BASKETBALL—NBA: Despite the absence of Bill Bradley, still missing because of an injured ankle, the New York Knicks had a 2-1 week and took their 54th victory, 115-101 over third-place Baltimore, to tie the club record for wins in a single season set only last year. An NBA record was set by the Boston Celtics when they scored 54 points in the last quarter of a 147-124 rout of San Diego, but it was the only victory the Celtics enjoyed all week, and losses to Los Angeles and Phoenix dropped Boston to sixth place in the division. The West's leader, Atlanta, had three defeats and only one win, 118—106 over second-place Los Angeles. With a 2-1 week, the Lakers moved within a game and a half of the Hawks. Seattle won all five of its contests to move up to fifth, replacing San Francisco, which was 0-4.
ABA: The New Orleans Buccaneers fell from first to fourth place in the West, losing five straight games, including three to last-place Los Angeles. Denver, with a 3-0 week, took over the division lead behind the shooting of Spencer Haywood, the ABA's leading scorer, who hit for 35 and had 21 rebounds as the Rockets defeated the East leaders, the Indiana Pacers, 132-100. It was the worst loss for the Pacers this season and the first win for Denver in five tries against Indiana. The defeat did not threaten the Pacers' comfortable lead in the East, but two losses for the New York Nets—101-97 to Carolina and 119-116 to Washington—dropped the Nets to fourth place. They replaced the Cougars, who moved up to third.
NBA—East: New York (2-1), Milwaukee (3-1), Baltimore (3-2), Philadelphia (2-1), Cincinnati (1-0), Boston (1-2), Detroit (2-3). West: Atlanta (1-3), Los Angeles (2-1), Phoenix (2-2), Chicago (2-2), Seattle (5-0), San Francisco (0-4), San Diego (0-4).
ABA—East: Indiana (0-1), Kentucky (2-2), Carolina (3-1), New York (2-2), Pittsburgh (1-3), Miami (1-3). West: Denver (3-0), Dallas (3-1), Washington (3-1), New Orleans (0-5), Los Angeles (3-2).
March 9, 1970
BOATING—The world 5.5-meter championship in Sydney, Australia was won by the Australian entry, Carabella, skippered by DAVE FORBES, when she finished the six-race series with a low 16 points lost. Ted Turner of Atlanta sailed Nemesis to second place with 30.7, and Ernie Fay of Houston was third with 47.1.
At Adelaide, Australia Englishman RODNEY PATTISSON skippered Superdocious to a third consecutive world Flying Dutchman championship with 21.7 points for the series. John Truett of Great Britain was second with 26 points.
BOWLING—NELSON BURTON JR. of St. Louis won his second PBA tournament in a month when he bowled 243 against Ray Bluth's 215 in the final of the $50,000 Toledo Open.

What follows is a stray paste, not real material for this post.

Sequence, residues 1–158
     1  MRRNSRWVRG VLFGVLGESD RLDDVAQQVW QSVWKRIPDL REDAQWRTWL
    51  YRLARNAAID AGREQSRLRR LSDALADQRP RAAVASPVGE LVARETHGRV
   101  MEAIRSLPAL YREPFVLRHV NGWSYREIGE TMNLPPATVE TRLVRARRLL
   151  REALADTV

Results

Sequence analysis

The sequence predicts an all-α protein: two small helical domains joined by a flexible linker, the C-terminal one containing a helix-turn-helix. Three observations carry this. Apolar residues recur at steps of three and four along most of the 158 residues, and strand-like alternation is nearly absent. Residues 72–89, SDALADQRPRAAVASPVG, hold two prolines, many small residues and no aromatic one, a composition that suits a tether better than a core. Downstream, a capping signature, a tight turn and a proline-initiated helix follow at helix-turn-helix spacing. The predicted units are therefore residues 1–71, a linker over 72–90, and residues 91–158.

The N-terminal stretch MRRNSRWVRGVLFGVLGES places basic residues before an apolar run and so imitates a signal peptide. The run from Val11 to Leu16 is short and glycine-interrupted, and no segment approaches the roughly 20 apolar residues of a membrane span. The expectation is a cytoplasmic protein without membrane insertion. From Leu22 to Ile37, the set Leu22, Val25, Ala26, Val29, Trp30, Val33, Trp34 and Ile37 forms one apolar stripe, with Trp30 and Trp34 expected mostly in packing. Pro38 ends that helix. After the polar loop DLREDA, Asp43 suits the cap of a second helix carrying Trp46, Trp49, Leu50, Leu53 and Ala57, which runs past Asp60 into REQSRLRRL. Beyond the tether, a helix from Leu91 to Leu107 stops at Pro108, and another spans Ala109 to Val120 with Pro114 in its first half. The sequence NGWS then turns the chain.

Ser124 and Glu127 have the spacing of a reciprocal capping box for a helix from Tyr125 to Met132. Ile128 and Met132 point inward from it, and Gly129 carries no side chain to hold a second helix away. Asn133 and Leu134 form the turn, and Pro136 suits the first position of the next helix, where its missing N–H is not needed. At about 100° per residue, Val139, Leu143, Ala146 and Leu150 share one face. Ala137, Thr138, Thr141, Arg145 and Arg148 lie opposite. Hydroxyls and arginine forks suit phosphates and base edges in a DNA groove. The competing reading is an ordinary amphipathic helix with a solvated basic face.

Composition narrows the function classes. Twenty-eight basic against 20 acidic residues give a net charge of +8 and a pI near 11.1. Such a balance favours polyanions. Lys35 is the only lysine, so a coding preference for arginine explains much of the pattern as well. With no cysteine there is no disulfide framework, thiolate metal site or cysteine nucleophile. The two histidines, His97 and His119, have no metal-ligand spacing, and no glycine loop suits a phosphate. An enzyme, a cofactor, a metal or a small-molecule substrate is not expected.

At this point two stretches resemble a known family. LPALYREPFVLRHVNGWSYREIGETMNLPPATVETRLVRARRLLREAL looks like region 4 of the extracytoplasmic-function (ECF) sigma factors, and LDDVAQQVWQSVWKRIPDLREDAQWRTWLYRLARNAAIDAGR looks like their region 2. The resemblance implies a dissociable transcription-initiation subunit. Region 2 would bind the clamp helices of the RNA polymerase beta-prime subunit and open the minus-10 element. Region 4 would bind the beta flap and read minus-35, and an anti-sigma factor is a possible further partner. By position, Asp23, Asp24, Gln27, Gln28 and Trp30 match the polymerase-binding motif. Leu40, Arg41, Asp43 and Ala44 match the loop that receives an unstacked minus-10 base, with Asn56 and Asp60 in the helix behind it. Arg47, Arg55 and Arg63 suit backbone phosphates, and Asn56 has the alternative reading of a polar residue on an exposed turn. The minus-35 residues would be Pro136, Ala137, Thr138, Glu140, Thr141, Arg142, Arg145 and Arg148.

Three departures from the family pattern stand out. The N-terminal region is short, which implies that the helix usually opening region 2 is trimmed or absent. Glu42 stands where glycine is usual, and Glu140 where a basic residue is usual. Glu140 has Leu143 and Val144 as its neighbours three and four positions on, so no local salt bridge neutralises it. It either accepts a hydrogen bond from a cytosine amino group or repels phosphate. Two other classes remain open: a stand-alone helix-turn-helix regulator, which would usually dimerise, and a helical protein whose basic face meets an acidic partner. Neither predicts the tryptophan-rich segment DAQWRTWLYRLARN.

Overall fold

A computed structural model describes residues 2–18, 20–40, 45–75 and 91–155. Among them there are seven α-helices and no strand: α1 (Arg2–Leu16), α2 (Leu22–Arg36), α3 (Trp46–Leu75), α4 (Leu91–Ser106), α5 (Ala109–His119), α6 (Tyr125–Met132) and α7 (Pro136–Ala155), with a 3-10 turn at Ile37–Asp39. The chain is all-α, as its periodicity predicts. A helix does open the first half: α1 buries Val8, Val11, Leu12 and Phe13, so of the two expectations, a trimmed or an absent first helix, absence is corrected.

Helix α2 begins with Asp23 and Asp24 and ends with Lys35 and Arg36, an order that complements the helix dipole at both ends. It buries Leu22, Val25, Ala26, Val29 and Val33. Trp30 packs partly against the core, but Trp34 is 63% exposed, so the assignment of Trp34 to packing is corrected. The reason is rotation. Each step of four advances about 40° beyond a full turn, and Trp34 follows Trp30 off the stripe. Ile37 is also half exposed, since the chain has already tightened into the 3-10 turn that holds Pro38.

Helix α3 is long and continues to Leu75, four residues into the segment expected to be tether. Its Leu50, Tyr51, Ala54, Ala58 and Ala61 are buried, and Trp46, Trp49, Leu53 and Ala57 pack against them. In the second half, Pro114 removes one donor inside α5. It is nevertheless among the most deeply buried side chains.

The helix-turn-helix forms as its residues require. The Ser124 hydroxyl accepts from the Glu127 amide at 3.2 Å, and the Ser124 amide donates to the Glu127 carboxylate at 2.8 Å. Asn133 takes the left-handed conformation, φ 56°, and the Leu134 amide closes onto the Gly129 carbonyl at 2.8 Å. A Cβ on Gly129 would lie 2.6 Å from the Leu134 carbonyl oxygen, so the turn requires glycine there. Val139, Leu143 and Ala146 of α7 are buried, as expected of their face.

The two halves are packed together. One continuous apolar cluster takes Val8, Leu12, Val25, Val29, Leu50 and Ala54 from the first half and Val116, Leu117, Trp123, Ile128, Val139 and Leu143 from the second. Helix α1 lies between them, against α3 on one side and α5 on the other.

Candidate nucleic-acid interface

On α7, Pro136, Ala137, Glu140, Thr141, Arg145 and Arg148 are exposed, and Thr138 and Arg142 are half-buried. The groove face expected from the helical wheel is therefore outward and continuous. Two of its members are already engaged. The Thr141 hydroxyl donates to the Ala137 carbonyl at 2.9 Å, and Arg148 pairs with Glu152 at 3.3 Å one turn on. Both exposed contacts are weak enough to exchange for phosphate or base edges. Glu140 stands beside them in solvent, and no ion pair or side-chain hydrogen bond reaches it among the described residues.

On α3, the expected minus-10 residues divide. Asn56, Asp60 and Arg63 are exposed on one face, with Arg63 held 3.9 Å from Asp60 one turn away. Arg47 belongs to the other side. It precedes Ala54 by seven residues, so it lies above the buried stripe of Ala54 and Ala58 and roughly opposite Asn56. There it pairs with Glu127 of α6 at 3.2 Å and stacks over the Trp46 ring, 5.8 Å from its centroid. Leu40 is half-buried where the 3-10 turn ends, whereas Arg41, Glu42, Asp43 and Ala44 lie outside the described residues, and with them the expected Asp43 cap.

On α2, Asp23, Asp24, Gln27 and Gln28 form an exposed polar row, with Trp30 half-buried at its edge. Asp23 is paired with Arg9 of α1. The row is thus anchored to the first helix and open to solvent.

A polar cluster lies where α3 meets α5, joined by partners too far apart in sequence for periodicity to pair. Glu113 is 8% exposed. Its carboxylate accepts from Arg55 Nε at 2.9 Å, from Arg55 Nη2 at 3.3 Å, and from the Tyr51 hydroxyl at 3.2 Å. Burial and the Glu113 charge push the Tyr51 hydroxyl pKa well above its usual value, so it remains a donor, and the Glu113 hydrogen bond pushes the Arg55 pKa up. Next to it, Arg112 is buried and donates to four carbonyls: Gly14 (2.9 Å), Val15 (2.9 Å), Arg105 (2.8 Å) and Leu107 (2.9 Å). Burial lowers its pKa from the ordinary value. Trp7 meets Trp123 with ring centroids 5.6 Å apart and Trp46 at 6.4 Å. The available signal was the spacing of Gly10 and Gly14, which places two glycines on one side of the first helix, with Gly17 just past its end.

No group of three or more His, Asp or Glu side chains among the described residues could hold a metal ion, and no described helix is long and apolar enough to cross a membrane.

BOXING—DENNY MOYER of Portland, Ore. was awarded a unanimous 12-round decision over Eddie Pace of Los Angeles to win the North American Boxing Federation middleweight championship.
COURT TENNIS—JAMES C. BOSTWICK, the U.S. Open champion, defeated Eugene Scott, former Davis Cup player, 6-2, 6-4, 6-2 to take the singles title at the U.S. Amateur Tournament in New York.
GOLF—MIKE HILL of Jackson, Mich., younger brother of last year's low scorer on the tour, Dave Hill, shot a final-round 71 for a 279 total to take the $30,000 winner's purse at the $150,000 Doral Open in Miami. It was Mike's first win in two years on the tour.
HOCKEY—NHL: Only one point separated first-place NEW YORK and second-place Boston as the two teams continued their battle for supremacy in the East. The Bruins shut out Chicago 3-0, taking revenge for the two losses they suffered at the hands of the Black Hawks that were the only two in the past 16 games, and defeated the Rangers 5-3 for a 2-1-0 week. But New York beat Toronto and St. Louis and tied Detroit to hang on to its slim lead. In the West, fifth-place Minnesota acquired 40-year-old Goalie Gump Worsley from Montreal in an attempt to break a 20-game streak without a victory. Worsley says he is going to put the North Stars in the playoffs.
NHL—East: New York (2-1-1), Boston (2-1-0), Montreal (2-1-0), Chicago (2-1-0), Detroit (1-1-1), Toronto (1-1-1). West: St. Louis (1-1-0), Pittsburgh (2-1-0) Philadelphia (1-1-0), Oakland (0-3-0), Minnesota (0-1-1), Los Angeles (0-1-2).